When Genghis Khan's grandson Kublai Khan (1215–1294) invaded Moscow, he and his warriors introduced minced horsemeat to the Muscovites. This was later called steak tartare.[2] The city-states of what is now Germany took to this ground meat product and created many of their own dishes by adding capers, onions and even caviar to the blend and selling it on the streets.[5] It is not known when the first restaurant recipe for steak tartare appeared.[6] While not providing a clear name, the first description of steak tartare was given by Jules Verne in 1875 in his novel Michael Strogoff. There are certain similarities between steak tartare and the German dishes Labskaus and Mett. Other similar raw, chopped meats appeared in the 20th century, such as the Italian carpaccio, which itself was invented in 1950 at Harry's Bar in Venice.[7] Similarly, one of the oldest references to a Hamburgh Sausage appeared in 1763 in the cookbook entitled Art of Cookery, Made Plain and Easy by Hannah Glasse (1708–1770). Hamburgh Sausage is made with minced meat and a variety of spices, including nutmeg, cloves, black pepper, garlic, and salt, and is typically served with toast. A wide variety of traditional European dishes are also made with minced meat, such as meatloaf,[8] the Serbian pljeskavica, the Arab kofta, and Swedish meatballs.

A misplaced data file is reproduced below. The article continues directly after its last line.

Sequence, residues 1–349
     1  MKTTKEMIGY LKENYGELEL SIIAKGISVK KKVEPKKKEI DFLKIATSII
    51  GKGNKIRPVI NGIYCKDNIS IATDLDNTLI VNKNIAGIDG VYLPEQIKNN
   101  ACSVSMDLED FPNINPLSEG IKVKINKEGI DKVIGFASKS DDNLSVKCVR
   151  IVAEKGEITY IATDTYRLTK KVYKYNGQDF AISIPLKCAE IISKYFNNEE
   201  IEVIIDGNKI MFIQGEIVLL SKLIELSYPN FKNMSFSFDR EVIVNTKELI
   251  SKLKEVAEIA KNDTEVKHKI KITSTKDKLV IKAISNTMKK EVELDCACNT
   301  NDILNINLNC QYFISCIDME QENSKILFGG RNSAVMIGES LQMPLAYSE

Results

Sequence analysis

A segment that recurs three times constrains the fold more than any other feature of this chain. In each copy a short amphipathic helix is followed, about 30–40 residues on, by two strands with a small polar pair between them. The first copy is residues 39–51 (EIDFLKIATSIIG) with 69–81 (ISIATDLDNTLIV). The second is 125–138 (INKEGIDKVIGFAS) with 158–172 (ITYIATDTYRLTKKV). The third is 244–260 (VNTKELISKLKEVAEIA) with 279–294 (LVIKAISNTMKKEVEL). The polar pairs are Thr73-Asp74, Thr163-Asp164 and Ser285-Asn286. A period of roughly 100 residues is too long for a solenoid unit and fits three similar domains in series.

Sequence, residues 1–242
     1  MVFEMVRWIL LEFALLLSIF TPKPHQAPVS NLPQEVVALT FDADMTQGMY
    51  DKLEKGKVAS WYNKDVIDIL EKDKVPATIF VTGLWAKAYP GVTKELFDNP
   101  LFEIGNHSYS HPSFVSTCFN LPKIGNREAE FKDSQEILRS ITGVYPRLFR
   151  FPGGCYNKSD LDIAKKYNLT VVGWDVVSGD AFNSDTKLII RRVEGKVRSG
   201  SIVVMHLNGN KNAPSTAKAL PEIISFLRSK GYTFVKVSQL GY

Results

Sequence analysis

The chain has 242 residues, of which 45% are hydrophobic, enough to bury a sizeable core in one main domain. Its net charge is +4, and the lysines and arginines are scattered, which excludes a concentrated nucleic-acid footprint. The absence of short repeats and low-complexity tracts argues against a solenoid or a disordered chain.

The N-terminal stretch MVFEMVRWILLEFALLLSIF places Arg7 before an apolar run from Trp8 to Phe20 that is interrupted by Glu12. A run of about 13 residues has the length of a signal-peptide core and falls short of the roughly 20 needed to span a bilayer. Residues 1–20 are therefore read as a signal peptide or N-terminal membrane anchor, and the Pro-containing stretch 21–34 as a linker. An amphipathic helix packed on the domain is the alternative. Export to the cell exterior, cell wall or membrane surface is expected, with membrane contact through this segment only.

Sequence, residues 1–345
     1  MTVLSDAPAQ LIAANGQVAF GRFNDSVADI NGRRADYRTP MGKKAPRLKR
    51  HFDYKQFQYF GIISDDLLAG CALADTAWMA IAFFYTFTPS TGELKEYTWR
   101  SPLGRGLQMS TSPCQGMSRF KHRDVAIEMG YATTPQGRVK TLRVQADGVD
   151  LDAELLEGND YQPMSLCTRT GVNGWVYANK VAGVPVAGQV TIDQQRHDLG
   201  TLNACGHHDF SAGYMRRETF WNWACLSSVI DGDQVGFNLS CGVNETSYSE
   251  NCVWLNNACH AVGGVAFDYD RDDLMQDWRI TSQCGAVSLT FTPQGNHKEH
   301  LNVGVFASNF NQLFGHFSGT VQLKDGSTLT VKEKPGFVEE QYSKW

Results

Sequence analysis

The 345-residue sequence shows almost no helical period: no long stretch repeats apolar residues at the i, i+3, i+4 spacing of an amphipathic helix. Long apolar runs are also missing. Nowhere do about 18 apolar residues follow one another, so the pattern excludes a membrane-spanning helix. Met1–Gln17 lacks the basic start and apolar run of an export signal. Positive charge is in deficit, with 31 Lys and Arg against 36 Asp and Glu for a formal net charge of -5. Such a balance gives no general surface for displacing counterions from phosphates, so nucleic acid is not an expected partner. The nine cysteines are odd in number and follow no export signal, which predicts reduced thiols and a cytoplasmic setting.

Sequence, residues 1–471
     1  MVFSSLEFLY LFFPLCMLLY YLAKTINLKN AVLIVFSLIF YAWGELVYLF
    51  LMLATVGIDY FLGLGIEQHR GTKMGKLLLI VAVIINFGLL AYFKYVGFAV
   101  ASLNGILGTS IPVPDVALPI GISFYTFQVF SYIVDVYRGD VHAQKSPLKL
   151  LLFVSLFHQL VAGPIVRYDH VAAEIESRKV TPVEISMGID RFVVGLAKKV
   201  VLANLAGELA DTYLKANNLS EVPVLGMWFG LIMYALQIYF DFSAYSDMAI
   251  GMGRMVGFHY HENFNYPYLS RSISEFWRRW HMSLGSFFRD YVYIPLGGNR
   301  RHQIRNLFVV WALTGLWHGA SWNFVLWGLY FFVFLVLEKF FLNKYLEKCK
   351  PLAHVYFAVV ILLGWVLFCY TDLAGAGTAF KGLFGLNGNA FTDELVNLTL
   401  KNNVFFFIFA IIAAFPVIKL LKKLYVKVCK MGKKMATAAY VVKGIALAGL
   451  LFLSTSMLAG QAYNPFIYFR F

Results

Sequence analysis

While ground beef was used by various cultures in Europe and Central Asia, the hamburger's other vital ingredient, bread, has a different history. Bread had always been part of the development of many types of foods, including sauces such as those described by Marie-Antoine Carême in his compendium entitled L'art de la cuisine française au XIXe siècle. The word sandwich was not recorded until the 18th century. Many cultures claim invention of the sandwich, but it was given its name around the year 1765 in honor of the English aristocrat John Montagu, 4th Earl of Sandwich, who preferred to eat sandwiches so he could play cards without soiling his fingers.[9] However, it was not until 1840 when Elizabeth Leslie Cook included a sandwich recipe in her cookbook that it appeared in the local cuisine of the United States.[10]

Hamburg and its port[edit]

The port of Hamburg in the 1890s.